Monte-Carlo simulation balancing applied to 9 × 9 Go

Shih Chieh Huang*, Rémi Coulom, Shun Shii Lin

*Corresponding author for this work

Research output: Contribution to journalArticlepeer-review

1 Citation (Scopus)


Simulation balancing is a new technique to tune parameters of a playout policy for a Monte-Carlo game-playing program. So far, this algorithm had only been tested in an artificial setting: it was limited to 5 × 5 and 6 × 6 Go, and required a stronger external program that served as a supervisor. In this article, the effectiveness of simulation balancing is demonstrated in a realistic setting. A state-of-the-art program, ERICA, learned an improved playout policy on the 9 × 9 board, without requiring any external expert to provide position evaluations. Evaluations were collected by letting the program analyze positions by itself. This evaluation was run with playout parameters estimated by the minorization-maximization (MM) algorithm. Thanks to simulation balancing, ERICA'S playing strength was improved from a winning rate of 69% (with playout parameters trained by MM) to 78% (with playout parameters trained by SB) against FUEGO 0.4.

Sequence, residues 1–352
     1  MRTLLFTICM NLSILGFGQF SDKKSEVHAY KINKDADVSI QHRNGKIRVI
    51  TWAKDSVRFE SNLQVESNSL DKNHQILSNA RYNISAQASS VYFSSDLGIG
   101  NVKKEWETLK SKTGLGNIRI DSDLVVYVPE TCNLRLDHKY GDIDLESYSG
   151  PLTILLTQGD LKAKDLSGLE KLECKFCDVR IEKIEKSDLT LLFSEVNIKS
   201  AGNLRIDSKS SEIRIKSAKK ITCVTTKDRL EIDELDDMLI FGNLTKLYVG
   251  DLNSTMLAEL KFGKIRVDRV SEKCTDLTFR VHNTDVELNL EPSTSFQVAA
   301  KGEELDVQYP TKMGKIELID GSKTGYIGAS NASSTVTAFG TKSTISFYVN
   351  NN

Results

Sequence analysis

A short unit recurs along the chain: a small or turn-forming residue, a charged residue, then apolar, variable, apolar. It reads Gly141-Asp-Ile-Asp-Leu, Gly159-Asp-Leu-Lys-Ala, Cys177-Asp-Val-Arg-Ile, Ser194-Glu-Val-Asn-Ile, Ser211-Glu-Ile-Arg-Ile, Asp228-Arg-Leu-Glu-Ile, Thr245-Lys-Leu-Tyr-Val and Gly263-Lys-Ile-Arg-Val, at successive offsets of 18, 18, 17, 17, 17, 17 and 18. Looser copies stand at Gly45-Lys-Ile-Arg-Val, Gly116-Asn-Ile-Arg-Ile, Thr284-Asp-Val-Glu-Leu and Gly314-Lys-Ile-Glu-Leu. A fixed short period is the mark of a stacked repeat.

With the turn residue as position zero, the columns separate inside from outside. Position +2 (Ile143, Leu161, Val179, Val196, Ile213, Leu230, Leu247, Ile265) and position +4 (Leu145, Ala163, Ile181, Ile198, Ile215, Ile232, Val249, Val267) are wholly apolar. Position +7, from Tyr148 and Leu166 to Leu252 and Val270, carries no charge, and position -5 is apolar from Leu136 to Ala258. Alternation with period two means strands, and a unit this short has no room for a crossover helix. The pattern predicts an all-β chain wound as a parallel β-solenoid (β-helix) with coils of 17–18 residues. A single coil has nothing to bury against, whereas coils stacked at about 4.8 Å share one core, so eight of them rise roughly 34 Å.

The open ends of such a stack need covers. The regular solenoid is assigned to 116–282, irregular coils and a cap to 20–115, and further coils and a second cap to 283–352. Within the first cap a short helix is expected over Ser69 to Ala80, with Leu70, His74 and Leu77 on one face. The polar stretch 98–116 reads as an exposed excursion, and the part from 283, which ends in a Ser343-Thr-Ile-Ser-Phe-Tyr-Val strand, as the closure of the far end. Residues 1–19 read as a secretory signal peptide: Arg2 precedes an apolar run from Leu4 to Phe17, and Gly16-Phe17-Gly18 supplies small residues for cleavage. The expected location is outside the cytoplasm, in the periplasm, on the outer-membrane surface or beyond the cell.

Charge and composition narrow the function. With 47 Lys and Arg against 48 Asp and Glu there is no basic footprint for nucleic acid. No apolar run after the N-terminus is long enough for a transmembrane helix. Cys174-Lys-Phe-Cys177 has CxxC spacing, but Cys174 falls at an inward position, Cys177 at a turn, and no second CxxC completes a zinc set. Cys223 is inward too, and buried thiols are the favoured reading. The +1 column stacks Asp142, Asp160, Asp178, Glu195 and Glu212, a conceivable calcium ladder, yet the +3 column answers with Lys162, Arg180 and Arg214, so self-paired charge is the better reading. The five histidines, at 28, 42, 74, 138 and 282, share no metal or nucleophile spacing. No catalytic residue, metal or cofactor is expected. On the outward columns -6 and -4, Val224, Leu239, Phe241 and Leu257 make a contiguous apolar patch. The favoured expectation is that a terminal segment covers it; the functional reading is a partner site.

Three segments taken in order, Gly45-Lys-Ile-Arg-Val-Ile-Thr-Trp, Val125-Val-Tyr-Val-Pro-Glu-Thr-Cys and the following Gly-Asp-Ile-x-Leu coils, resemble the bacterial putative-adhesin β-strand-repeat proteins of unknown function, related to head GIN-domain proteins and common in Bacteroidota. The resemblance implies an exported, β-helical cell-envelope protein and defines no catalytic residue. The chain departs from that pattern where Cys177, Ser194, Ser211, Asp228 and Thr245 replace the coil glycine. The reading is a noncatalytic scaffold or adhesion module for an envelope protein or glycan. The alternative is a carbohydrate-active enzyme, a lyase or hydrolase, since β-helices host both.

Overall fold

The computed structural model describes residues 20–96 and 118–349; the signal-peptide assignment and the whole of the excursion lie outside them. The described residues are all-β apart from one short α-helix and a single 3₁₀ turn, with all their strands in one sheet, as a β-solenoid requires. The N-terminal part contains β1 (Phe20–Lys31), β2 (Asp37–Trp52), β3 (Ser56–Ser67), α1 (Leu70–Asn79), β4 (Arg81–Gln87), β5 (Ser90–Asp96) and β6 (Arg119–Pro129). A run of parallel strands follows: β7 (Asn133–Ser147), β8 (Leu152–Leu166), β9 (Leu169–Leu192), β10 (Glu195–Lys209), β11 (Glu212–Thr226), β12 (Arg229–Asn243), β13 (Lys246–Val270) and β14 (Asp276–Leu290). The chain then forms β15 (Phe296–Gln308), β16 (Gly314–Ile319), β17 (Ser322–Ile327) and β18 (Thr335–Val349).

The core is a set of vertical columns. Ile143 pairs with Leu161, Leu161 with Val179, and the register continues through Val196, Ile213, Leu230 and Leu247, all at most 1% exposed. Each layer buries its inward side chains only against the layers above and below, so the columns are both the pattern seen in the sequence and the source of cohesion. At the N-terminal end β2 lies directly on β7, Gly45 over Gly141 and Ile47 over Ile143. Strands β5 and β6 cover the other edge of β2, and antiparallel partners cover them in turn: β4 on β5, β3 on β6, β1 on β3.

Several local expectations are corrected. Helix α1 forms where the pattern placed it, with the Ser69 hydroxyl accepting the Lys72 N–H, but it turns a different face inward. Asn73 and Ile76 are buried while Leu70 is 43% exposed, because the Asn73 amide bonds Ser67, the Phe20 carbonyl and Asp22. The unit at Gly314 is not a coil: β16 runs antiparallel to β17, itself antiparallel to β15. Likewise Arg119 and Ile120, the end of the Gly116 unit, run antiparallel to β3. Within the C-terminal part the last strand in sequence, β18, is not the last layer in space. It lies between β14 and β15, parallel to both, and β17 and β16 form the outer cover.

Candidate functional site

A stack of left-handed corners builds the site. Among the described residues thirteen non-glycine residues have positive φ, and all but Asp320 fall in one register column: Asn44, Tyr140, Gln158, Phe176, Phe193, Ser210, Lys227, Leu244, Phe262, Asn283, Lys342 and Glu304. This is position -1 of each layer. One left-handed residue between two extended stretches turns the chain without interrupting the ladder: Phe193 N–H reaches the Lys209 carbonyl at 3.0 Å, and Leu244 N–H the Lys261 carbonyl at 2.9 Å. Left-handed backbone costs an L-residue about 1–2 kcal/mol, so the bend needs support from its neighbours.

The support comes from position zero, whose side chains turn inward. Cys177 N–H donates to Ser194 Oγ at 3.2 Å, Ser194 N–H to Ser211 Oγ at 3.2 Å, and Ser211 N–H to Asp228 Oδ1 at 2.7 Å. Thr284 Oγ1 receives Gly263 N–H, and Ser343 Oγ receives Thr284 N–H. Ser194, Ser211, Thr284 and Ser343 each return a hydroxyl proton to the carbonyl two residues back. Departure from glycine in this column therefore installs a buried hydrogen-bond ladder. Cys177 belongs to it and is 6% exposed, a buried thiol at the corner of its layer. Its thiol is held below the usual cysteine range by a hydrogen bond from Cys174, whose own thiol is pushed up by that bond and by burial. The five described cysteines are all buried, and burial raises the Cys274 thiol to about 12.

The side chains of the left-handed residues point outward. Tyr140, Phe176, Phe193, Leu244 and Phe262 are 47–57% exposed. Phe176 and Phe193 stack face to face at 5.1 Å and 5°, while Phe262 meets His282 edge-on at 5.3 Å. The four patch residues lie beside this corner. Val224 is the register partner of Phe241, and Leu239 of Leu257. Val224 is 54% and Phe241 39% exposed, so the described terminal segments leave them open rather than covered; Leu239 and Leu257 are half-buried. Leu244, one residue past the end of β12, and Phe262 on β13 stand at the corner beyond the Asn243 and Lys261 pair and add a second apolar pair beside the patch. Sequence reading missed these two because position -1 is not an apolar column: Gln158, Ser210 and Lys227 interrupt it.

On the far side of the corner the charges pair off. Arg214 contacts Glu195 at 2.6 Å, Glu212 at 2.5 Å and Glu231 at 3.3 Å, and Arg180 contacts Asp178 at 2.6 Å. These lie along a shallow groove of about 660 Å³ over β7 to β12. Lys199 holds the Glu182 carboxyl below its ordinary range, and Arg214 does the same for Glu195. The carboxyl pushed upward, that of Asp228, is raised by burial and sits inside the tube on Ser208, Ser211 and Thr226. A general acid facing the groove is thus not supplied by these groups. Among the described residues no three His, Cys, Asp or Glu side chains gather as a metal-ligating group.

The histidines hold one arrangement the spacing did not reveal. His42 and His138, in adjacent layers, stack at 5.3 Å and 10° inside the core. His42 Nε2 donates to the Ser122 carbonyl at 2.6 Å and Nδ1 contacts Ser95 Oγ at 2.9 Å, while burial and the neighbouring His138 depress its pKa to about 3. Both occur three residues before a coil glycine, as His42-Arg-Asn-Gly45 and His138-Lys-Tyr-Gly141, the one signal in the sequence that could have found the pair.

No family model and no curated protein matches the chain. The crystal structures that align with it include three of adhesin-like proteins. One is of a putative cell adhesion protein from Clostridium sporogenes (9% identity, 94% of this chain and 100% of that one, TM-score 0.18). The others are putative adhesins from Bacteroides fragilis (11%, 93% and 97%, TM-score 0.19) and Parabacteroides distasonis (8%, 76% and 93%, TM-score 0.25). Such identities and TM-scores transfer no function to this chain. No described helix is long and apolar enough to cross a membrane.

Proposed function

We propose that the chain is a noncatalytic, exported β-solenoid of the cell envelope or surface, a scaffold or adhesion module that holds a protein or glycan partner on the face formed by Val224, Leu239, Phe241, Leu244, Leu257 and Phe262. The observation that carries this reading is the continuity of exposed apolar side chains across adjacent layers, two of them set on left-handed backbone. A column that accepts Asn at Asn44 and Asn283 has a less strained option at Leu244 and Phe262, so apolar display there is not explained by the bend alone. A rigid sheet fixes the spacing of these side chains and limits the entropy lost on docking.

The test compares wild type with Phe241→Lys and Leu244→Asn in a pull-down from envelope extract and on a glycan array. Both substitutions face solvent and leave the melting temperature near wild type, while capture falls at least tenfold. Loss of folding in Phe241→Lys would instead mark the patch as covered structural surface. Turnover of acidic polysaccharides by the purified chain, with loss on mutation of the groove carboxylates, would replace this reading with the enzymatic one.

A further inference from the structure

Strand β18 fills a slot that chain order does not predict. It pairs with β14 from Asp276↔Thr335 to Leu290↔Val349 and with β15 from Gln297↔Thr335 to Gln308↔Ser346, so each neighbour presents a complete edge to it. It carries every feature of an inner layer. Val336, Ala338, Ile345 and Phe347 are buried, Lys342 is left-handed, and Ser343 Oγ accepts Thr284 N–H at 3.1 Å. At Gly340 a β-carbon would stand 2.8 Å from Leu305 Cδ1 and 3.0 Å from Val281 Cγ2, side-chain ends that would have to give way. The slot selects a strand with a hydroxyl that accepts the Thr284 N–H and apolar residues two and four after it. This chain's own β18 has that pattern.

Original languageEnglish
Pages (from-to)191-201
Number of pages11
JournalICGA Journal
Issue number4
Publication statusPublished - 2010 Dec

ASJC Scopus subject areas

  • Computer Science (miscellaneous)
  • Computational Mechanics
  • Human-Computer Interaction
  • Computer Graphics and Computer-Aided Design


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